By: Priscilla Hayes
I have been teaching symbiosis for a number of years. In presentations to recycling professionals, sustainability experts and others, I described the recycling behavior of the dung beetle in moving dung into holes in the ground, where it served as food for both dung beetle babies and the seeds that had been pooped out by whichever animal the dung was from. My next slides were of our own waste—from home or business to garbage truck to landfill was no way to practice the symbiosis of the dung beetle. Recycling, which took bottles, cans, paper and cardboard to a MRF where they were baled and sent in huge cubes to places like China to be made into new products seemed a better approximation. If you ever get a chance to visit a MRF, put on your hardhat and go—it is like a giant game of chutes and ladders.
But it was in an intensive lichen course in Summer 2014 that I discovered that we humans were actually in a symbiotic relationship with the earth, despite what seem our best efforts to totally separate ourselves from it and all of its organisms. We pride ourselves on being the smartest and most innovative organisms on the planet, and increasingly seem to feel that things like food, come from the equivalent of a replicator, as on the Starship Enterprise, and waste simply disappears.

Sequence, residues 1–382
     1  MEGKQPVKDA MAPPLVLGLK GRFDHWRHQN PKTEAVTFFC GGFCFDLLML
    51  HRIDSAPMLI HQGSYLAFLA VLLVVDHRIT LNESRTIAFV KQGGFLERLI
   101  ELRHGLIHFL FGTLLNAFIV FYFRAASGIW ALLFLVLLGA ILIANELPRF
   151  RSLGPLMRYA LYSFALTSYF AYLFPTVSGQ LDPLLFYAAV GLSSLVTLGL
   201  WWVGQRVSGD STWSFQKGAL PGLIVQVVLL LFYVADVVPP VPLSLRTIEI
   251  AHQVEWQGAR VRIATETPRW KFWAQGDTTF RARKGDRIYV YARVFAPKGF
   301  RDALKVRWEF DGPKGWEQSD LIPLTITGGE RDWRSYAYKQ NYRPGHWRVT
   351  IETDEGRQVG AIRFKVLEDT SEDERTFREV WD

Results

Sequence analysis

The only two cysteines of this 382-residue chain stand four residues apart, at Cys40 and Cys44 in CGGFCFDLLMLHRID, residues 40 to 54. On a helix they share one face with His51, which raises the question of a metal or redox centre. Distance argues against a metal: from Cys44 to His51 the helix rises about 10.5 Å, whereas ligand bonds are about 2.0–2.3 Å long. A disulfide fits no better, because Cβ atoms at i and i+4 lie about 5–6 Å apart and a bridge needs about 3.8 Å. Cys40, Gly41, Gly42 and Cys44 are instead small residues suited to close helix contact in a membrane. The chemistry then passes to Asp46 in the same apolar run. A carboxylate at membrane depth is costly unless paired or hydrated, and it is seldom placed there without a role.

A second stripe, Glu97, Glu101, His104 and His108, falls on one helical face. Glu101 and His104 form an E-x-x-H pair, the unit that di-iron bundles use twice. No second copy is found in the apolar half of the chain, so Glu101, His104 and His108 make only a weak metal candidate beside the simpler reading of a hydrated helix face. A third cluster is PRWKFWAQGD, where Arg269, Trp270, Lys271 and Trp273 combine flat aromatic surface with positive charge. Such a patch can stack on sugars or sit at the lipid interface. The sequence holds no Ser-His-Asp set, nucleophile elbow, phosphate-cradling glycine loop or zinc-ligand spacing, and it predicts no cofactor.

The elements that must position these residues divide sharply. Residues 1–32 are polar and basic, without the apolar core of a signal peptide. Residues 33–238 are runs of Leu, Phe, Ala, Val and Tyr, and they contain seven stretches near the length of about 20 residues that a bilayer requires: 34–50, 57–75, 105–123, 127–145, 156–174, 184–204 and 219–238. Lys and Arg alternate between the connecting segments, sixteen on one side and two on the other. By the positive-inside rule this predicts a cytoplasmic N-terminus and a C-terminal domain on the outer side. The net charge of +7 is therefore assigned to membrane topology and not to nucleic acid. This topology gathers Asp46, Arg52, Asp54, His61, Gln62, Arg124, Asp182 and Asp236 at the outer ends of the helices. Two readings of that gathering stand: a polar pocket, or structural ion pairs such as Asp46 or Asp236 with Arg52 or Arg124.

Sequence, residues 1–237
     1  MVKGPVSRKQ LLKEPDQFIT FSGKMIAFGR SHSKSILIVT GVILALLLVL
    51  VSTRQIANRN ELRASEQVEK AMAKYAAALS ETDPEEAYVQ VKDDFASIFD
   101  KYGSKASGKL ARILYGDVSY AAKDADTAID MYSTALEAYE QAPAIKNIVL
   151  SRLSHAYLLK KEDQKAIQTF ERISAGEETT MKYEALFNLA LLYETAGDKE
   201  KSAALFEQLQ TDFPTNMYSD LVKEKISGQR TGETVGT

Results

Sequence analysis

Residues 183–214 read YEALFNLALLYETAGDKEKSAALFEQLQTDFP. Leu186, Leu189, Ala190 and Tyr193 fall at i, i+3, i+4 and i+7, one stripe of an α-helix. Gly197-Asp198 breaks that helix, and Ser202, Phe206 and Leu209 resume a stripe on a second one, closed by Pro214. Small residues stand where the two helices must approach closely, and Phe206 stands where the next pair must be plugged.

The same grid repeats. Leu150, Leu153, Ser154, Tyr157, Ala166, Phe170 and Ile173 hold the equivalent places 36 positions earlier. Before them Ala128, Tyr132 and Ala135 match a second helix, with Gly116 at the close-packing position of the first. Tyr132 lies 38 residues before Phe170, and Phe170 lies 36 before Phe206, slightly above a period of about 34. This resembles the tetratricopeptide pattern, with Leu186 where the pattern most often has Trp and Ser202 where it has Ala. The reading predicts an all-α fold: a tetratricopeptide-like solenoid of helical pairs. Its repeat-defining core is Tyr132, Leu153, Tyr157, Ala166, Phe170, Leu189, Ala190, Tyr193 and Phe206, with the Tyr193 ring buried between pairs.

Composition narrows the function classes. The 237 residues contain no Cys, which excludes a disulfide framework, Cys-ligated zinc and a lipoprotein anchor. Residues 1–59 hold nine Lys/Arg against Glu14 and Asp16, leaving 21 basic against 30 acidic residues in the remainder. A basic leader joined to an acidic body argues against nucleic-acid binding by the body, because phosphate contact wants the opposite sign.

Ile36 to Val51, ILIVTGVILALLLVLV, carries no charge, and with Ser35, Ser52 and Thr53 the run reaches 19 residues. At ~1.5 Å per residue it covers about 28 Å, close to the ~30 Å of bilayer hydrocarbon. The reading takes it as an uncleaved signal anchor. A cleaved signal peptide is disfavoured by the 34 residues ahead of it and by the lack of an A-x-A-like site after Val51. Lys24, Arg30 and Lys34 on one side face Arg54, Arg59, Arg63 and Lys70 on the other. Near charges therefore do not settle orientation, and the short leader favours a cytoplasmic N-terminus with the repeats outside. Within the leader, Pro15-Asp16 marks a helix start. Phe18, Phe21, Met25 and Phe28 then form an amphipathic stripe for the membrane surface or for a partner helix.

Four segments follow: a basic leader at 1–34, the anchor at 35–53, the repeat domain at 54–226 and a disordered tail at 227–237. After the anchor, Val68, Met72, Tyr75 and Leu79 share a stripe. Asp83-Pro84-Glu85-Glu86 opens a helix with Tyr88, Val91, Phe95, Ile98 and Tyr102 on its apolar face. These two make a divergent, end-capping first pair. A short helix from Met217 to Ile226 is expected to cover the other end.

No, actually we are in symbiosis with the earth. But it is not the mutualistic symbiosis of the dung beetle, where every organism in the chain, including a host of soil organisms, derive a benefit from what the dung beetle does. Instead, our symbiosis is of one of the other two basic varieties, parasitism, where one organism benefits and the other is harmed.
I think our symbiosis is most akin to that of the tick. The tick settles onto a living host, begins to suck blood into its body, and as it disengages, injects or regurgitates disease organisms into the host. The host gets sick, the tick goes off to reproduce. This blog is meant to help me and all of us achieve a more positive symbiosis with the Earth and each other.